This is an interesting thread to which I will bring a dose of oh god the boredom of regulation. You make a production gauge. When you do so you have to designate the product. Assume the production methods used meet the production procedures (19.77) you have on file for for bourbon, corn whiskey, and whiskey distilled from bourbon mash and also meet the the grain/proof standards (80% or more corn at not more than 160) for each. Once produced, you must immediately make a production gauge (19.304). The rules for production gauges state, "Spirits in each receiving tank will be gauged before any reduction in proof and both before and after each removal of spirits." (19.289). I read this to say that you can can have more than one removal of spirits ("each removal") from a receiving tank - or more than one receiving tank ("each receiving tank"). So, let's assume, in either case, three gauges, each of which is deemed a separate production gauge (19.304).
I see nothing that prohibits you from entering two of those to the storage account, where you put them into a stainless tank and cut them to 125 or less - this must be done after the production gauge (19.289), designating the first "bourbon designate" and the second "whiskey distilled from bourbon mash designate" (19.305). Then, you transfer (19.324) the first to new charred and the second to used oak as "bourbon" and "whiskey distilled from bourbon mash," respectively, and proceed through a nanosecond or more to create age. The spirits in the third gauge go directly to processing, where you bottle them as unaged corn whiskey.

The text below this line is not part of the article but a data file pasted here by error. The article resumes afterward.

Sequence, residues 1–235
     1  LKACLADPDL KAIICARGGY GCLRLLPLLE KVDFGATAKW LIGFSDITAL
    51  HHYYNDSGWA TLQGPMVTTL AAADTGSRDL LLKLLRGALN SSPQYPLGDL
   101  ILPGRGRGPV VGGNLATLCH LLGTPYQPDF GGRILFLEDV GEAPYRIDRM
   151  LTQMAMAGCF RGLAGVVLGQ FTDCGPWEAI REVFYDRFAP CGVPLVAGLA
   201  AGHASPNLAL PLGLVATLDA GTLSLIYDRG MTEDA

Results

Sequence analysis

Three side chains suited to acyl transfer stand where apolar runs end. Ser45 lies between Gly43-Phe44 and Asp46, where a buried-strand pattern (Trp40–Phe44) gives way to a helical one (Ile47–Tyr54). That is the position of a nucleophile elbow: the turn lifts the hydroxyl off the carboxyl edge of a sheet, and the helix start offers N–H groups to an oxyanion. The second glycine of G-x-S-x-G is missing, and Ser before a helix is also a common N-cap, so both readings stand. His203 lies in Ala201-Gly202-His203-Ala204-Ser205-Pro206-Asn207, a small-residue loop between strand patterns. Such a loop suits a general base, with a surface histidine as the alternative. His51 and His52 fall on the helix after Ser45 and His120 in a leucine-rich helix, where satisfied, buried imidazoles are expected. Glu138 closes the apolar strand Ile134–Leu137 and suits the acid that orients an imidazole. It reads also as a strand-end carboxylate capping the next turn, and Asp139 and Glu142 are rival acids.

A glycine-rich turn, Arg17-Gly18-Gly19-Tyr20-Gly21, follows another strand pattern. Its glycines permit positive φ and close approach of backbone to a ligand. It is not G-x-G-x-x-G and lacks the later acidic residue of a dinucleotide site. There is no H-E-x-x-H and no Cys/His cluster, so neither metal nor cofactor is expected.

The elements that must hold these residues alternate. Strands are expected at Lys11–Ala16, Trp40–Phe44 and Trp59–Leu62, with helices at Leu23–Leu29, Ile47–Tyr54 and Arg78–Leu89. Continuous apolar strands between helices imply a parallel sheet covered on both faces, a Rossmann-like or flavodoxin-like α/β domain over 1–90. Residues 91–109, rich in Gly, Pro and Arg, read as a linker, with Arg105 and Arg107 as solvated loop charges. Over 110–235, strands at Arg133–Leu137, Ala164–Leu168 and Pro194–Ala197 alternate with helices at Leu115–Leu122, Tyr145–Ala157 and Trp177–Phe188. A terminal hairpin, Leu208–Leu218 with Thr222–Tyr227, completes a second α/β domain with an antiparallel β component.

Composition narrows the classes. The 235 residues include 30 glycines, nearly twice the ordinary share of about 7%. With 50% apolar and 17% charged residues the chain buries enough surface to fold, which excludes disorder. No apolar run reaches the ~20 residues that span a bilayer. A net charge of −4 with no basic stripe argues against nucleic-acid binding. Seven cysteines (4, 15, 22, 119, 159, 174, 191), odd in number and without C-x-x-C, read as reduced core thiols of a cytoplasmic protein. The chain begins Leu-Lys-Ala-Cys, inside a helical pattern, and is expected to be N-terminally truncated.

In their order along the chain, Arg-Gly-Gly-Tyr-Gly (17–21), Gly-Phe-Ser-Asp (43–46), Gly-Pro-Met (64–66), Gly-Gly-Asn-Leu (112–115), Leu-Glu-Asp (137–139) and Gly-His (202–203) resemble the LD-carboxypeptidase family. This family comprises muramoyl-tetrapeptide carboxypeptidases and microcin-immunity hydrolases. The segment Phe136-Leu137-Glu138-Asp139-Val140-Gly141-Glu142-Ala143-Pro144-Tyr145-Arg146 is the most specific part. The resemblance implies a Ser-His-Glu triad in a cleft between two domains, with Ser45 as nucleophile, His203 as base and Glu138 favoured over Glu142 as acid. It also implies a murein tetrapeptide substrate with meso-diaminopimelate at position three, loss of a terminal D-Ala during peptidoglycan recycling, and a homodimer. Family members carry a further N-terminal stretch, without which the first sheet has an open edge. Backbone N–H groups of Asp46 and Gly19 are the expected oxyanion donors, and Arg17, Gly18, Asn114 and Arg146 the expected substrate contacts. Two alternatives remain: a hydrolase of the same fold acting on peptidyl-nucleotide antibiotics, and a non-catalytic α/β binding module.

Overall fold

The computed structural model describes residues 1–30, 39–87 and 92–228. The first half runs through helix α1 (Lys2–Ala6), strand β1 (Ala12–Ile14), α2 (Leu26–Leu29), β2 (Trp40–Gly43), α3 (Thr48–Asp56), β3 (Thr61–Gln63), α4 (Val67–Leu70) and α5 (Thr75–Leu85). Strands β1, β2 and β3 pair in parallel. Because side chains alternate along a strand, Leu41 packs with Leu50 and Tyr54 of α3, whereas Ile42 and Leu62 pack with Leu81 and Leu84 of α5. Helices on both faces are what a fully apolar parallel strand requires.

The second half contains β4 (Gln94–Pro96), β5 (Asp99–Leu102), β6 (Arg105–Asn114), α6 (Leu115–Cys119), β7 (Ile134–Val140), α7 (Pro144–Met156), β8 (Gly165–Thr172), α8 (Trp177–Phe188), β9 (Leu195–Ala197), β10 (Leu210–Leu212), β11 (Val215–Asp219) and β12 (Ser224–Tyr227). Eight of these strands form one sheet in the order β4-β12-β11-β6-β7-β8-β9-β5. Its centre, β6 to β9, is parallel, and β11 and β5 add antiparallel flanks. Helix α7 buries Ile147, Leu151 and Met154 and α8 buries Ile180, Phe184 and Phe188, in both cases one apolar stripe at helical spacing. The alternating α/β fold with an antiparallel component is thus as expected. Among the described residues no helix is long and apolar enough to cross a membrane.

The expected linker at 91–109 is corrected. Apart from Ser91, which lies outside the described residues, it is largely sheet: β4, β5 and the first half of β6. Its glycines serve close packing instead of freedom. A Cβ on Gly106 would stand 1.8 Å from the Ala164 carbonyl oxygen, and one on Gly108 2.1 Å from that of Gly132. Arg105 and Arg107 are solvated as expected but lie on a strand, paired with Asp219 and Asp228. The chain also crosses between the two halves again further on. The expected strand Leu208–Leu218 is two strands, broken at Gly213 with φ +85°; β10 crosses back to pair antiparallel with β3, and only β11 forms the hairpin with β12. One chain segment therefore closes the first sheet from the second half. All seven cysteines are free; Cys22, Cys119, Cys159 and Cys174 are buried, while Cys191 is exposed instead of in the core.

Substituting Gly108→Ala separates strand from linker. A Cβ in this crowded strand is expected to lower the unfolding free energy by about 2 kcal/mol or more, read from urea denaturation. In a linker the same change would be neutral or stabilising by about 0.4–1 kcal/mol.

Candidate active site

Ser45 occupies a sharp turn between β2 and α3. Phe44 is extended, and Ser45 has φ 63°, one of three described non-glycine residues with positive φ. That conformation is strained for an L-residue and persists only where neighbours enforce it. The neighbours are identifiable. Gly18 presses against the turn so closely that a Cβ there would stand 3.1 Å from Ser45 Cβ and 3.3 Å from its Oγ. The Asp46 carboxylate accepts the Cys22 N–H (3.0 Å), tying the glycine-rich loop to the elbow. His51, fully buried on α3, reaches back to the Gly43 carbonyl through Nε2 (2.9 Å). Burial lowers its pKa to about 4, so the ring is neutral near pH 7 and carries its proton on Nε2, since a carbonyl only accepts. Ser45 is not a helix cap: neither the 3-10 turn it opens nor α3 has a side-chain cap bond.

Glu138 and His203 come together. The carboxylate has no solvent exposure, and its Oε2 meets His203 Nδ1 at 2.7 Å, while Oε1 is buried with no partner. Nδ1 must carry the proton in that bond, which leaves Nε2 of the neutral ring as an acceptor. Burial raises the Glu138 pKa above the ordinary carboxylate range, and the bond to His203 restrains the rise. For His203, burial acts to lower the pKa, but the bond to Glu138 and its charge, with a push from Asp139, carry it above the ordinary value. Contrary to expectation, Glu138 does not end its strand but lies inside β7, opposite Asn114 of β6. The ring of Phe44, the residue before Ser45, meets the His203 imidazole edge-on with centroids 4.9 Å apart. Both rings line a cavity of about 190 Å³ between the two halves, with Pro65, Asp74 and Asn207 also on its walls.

I see nothing in the regulations that prohibit that and 19.304, 305, .324 and .289 seem to authorize it. At the least, it would be an interesting challenge to a TTB investigator or auditor who sought to challenge what you did. I think they would lose the argument that you violated any provision of the regulations. The caveat is that your records would have to include the gauge record (19.618 and 19.619) for each of the three production gauges, showing the quantity and designation in each case, and create the trail that would establish that the products are eligible for the designations you give them. Note that I have not mentioned a formula once, although someone's comment above that you have to have a formula for bourbon is correct, not to show what you did to it, but to show that you did nothing to it that would change the class and type under the special rules that apply to bourbon and not to other American type whiskeys. Now, the above discussions about the methods and procedures you use to create the spirits are a lot more interesting, but wasn't the original question :-).